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"Man Descends from Gattuso"--Italian Proverb

As part of a series of interviews of international soccer stars, Simon Kuper of the Financial Times profiles AC Milan and Italy's indefatigable holding midfielder Gennaro Gattuso. Kuper points out that Gattuso is a force in and of himself, the spiritual leader of both Milan and Italy, a role he will certainly play as the Rossoneri travel to Old Trafford Tuesday to play Manchester United in the first leg of the Champions League semifinals.

Gattuso comes from Italy's southern region of Calabria. Like so many from the poor region, Gattuso left his small town seeking a better life abroad. He joined Glasgow Rangers, where he fit in perfectly with the British who "tackle like men," he says. "In Italy, if you tackle a player they moan to the referee." Indeed, it was in Scotland that Gattuso honed his skills as a midfield terrier. The next season, at age 20, he returned to Italy to play for Salernitana and a year after that joined Milan, where he's been ever since.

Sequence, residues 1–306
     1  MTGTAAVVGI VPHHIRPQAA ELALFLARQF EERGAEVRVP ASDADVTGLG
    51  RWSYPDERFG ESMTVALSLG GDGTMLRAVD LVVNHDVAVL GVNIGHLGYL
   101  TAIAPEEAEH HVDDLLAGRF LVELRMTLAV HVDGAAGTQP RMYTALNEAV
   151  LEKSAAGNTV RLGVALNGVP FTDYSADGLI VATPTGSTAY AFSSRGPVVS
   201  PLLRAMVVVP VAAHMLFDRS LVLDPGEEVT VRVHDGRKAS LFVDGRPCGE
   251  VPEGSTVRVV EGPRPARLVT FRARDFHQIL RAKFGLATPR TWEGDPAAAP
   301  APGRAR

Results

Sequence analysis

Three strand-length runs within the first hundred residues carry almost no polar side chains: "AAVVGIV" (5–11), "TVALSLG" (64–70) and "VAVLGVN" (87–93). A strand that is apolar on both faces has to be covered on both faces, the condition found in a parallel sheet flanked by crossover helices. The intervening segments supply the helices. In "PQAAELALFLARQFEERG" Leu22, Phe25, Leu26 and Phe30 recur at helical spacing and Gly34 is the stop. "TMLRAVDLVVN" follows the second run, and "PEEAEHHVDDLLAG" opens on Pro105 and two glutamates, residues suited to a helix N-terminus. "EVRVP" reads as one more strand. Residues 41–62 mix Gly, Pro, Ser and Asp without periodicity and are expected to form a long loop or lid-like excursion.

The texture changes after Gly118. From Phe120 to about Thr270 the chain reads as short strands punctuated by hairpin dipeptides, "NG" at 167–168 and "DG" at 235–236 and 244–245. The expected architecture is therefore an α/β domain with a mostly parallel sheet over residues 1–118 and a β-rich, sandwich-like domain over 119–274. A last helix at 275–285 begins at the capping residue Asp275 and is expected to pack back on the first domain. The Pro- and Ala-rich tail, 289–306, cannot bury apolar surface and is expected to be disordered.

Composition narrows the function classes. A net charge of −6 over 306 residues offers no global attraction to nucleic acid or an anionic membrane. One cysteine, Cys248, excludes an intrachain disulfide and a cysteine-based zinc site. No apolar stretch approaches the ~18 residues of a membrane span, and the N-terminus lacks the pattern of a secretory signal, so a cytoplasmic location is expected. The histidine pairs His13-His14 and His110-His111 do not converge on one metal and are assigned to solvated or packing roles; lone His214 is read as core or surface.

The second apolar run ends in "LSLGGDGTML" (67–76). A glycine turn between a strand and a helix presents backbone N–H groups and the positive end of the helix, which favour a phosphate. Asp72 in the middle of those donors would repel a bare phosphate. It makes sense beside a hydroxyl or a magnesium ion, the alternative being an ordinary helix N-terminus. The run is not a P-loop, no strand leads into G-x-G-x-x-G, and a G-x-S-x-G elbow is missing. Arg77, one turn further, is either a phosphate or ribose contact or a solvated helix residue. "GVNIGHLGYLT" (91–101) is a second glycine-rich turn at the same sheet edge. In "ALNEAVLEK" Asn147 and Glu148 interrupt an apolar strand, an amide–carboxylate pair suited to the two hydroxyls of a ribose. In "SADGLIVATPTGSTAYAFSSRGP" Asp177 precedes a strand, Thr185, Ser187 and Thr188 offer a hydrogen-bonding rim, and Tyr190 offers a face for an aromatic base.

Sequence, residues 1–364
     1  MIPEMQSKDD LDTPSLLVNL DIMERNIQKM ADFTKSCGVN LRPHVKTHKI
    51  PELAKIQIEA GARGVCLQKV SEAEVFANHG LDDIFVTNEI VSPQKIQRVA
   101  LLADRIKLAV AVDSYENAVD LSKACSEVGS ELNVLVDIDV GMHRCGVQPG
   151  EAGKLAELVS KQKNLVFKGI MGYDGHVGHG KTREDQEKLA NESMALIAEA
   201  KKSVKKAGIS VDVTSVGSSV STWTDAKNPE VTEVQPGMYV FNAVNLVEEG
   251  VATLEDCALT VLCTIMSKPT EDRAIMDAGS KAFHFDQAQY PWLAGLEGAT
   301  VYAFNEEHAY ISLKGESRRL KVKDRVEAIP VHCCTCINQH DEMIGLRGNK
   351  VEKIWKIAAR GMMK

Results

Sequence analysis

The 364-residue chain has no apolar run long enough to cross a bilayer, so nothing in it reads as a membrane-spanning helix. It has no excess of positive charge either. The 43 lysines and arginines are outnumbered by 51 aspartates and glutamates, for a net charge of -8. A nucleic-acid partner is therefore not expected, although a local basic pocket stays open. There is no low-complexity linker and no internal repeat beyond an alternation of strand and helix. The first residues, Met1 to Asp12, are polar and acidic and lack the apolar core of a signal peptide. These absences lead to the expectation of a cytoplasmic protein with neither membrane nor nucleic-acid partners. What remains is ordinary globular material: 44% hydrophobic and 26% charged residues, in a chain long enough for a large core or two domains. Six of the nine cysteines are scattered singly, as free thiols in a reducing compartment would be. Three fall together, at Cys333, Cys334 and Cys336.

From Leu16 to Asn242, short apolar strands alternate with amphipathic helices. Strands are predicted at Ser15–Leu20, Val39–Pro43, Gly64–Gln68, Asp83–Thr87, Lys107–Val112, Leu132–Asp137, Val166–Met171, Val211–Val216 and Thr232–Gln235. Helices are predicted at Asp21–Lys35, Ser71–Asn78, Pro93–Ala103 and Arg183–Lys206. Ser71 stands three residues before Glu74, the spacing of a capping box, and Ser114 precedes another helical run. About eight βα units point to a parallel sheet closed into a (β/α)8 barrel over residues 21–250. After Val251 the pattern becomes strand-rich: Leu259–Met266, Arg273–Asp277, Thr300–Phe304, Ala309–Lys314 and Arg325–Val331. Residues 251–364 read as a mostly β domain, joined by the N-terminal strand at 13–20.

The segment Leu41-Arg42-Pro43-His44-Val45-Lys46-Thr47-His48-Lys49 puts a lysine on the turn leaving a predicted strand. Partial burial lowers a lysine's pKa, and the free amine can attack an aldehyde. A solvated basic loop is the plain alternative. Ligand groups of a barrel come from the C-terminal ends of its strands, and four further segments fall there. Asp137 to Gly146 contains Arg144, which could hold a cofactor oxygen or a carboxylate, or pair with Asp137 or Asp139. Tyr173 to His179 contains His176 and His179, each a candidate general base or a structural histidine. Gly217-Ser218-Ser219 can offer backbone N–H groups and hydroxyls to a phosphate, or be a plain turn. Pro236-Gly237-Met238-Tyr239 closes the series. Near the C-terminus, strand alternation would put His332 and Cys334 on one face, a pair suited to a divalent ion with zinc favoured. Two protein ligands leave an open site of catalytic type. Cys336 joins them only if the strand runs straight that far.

As the Italian saying goes, "Man descends from Gattuso." Perhaps Milan's most beloved player, Gattuso likes to bury opponents and then shake their hand, which itself is a scary looking experience, Kuper says. Indeed, Gattuso's game is far from Milan's pretty passing game, but he knows his place: steal the ball and give it to Kaka, the player who mounts just about every Milan attack. "He is so perfect that sometimes I have to touch him to make sure he really exists," Gattuso says of Kaka. A workman-like midfielder in every sense, Gattuso will be forced to shut down the likes of Michael Carrick and Paul Scholes at Old Trafford on Tuesday.

Read the whole story at Financial Times »

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